Share This Page

Six NA students finalists in Musical Kids competition

| Sunday, April 20, 2014, 4:58 p.m.

Six of the 12 finalists in the Classical WQED 89.3 Musical Kids competition are North Allegheny School District students.

The next stage of the contest for middle school students involves Internet voting for a fan favorite.

The finalists who attend North Allegheny schools are:

• Christopher Fedor, 13, eighth grade, piano, Marshall Middle School.

• Enoch Hsiao, 12, seventh grade, piano, Marshall Middle School.

• Amanda Lu, 13, seventh grade, piano, Ingomar Middle School.

• Rebeka Rest, 12, sixth grade, piano, Marshall Middle School.

• William Wang, 12, seventh grade, piano, Ingomar Middle School.

• Andrew Zhang, 13, eighth grade, piano, Carson Middle School.

The public is invited to cast an online vote for one of the finalists through April 30 at www.wqed.org/musicalkids. One of six winners will be chosen by the public through the online voting portal. The remaining five winners will be selected by the Musical Kids judges composed of local classical-music experts. Winners will be announced May 5 on WQED, 89.3 FM by Anna Singer at noon and recognized publicly at “Classical WQED-FM 89.3 Night” after the Pittsburgh Symphony Orchestra's May 9 performance at Heinz Hall in Pittsburgh. A radio program with interviews and live performances by the winners will air on “Performance in Pittsburgh” at 7 p.m. May 30 on the station. In addition, presentations will be made at each winner's school, where prizes, including a plaque, will be awarded.

Submitted information

TribLIVE commenting policy

You are solely responsible for your comments and by using TribLive.com you agree to our Terms of Service.

We moderate comments. Our goal is to provide substantive commentary for a general readership. By screening submissions, we provide a space where readers can share intelligent and informed commentary that enhances the quality of our news and information.

While most comments will be posted if they are on-topic and not abusive, moderating decisions are subjective. We will make them as carefully and consistently as we can. Because of the volume of reader comments, we cannot review individual moderation decisions with readers.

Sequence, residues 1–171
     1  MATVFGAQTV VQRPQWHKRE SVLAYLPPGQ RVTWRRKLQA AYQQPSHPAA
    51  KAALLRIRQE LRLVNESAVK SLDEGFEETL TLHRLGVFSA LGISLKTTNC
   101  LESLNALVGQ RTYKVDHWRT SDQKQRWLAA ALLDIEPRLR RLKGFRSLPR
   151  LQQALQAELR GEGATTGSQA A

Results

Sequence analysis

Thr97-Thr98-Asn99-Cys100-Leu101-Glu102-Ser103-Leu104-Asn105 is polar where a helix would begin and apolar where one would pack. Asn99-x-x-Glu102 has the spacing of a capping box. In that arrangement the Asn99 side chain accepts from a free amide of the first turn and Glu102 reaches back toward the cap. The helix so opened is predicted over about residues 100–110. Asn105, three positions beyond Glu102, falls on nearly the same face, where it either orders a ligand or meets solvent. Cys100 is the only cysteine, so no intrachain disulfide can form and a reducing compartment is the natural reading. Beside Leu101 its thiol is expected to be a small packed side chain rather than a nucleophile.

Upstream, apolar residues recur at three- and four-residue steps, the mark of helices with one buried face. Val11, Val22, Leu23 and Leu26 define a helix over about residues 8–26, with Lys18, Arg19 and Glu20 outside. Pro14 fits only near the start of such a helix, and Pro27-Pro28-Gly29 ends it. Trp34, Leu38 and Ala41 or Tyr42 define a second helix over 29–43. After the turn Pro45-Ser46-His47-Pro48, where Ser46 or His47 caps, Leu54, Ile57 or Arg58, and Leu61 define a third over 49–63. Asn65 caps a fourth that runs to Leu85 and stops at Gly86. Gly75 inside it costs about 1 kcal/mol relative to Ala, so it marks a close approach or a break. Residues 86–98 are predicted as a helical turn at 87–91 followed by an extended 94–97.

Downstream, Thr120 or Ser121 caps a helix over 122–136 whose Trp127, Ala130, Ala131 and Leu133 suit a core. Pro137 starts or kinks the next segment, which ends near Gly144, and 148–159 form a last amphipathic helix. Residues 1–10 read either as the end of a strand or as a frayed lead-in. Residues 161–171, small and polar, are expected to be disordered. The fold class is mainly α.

We value thoughtful comments representing a range of views that make their point quickly and politely. We make an effort to protect discussions from repeated comments either by the same reader or different readers

We follow the same standards for taste as the daily newspaper. A few things we won't tolerate: personal attacks, obscenity, vulgarity, profanity (including expletives and letters followed by dashes), commercial promotion, impersonations, incoherence, proselytizing and SHOUTING. Don't include URLs to Web sites.

We do not edit comments. They are either approved or deleted. We reserve the right to edit a comment that is quoted or excerpted in an article. In this case, we may fix spelling and punctuation.

We welcome strong opinions and criticism of our work, but we don't want comments to become bogged down with discussions of our policies and we will moderate accordingly.

We appreciate it when readers and people quoted in articles or blog posts point out errors of fact or emphasis and will investigate all assertions. But these suggestions should be sent via e-mail. To avoid distracting other readers, we won't publish comments that suggest a correction. Instead, corrections will be made in a blog post or in an article.